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A ‘polling place’ at Republican’s office in Orange County: A new front for election high jinks?

The campaign office of Westminster City Councilwoman Kimberly Ho
The campaign office of Westminster City Councilwoman Kimberly Ho was advertised as a voting center in the 2020 election.
(Allen J. Schaben / Los Angeles Times)

Even with the constant drumbeat of news about election high jinks in 2020, allegations of a fake voting center in Orange County stood out as something brazen.

The center was advertised on Vietnamese language radio and television as an election assistance site, a “secure” location where non-English speakers could guarantee their absentee ballots weren’t “fraudulent.” Another sign that was posted outside the office said “ballot room” or “polling place” in Vietnamese.

In reality, it was the campaign office for Republican Westminster Councilwoman Kimberly Ho.

Two months after the election, a number of questions about the site remain unanswered, including whether the campaign misled voters by promoting the office as a place to drop off ballots and receive other election-related services. Critics also raised possible repercussions: Will other campaigns see value in such voting assistance, muddying the distinction from official polling places?

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Ho’s campaign has denied any wrongdoing. A statement released by her campaign in November said an ad was sponsored by campaign supporters “informing voters, in their native language, to contact our campaign office with any questions or issues related to the election. The ad was straightforward, pure and simple.”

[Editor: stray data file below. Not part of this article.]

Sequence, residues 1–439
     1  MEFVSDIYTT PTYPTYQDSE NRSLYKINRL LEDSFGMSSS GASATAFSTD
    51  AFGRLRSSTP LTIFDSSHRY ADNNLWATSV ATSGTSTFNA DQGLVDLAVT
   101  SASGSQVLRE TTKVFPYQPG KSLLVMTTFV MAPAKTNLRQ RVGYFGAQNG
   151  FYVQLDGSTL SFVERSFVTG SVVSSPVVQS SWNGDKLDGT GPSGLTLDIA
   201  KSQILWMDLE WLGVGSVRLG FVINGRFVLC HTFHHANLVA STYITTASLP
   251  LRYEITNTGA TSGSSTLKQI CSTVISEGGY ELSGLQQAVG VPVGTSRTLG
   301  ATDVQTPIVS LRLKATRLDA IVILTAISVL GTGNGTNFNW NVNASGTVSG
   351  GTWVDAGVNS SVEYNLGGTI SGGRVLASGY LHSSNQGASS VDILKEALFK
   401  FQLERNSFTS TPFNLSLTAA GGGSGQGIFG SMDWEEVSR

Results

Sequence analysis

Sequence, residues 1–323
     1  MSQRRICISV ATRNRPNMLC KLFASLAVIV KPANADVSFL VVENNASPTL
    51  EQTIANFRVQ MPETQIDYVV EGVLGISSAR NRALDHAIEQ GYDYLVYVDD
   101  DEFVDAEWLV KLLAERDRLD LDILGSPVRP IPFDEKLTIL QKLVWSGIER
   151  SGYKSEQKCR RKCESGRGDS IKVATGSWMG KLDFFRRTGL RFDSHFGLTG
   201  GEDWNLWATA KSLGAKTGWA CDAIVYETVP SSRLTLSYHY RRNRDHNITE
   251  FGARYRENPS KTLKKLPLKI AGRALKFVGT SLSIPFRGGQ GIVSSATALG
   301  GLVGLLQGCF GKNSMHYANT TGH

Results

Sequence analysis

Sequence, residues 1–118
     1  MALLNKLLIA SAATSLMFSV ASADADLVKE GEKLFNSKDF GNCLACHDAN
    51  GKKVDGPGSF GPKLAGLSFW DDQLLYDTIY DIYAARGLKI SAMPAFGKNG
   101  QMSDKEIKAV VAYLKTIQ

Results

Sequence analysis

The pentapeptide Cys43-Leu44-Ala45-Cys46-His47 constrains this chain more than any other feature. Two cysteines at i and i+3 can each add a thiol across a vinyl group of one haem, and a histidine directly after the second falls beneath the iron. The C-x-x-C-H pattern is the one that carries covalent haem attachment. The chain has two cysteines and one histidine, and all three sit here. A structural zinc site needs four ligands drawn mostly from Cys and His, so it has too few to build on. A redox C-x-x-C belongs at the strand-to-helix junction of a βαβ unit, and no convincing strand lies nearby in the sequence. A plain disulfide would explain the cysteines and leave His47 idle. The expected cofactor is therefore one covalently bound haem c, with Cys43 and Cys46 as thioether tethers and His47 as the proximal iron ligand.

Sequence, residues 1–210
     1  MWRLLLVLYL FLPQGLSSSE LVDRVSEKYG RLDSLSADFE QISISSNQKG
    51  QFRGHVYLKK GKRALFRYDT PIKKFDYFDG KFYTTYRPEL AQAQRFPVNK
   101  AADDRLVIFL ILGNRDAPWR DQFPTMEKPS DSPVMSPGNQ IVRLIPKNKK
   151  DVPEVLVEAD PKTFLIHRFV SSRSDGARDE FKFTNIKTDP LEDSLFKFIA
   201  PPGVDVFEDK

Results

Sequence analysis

However, Justin Levitt, a professor at Loyola Law School and an expert on California election law, said that from what he’s seen in media reports, the office was represented in signage and advertisements in a way that could be deceptive to voters.

“It’s hard to think at least some voters weren’t confused about what they were encountering,” Levitt said.

An investigation by the Orange County district attorney’s office remains ongoing, a spokeswoman said late last month. So far, they’ve determined that discarded election materials included only envelopes, not ballots, but would not comment further.

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The inquiry will likely rest on a number of factors, including whether the staff filled out ballots for voters, whether the free sticky rice, sweets and tea offered at the center were provided in exchange for votes for particular candidates, and whether communications about the center were intended to deceive voters, Levitt said.

Even if there was no wrongdoing, critics contend that current laws fail to protect voters from deceptive practices and have called for changes to disclosure rules for political ads.

Congressman Lou Correa (D-Santa Ana) said he fears Ho’s voting assistance center was just the beginning, and that other candidates will set up similar offices in future elections.

“Given how important democracy is, given how cherished democracy is, at the end of the day voting centers like Kimberly Ho’s should not be permitted under the law,” Correa said.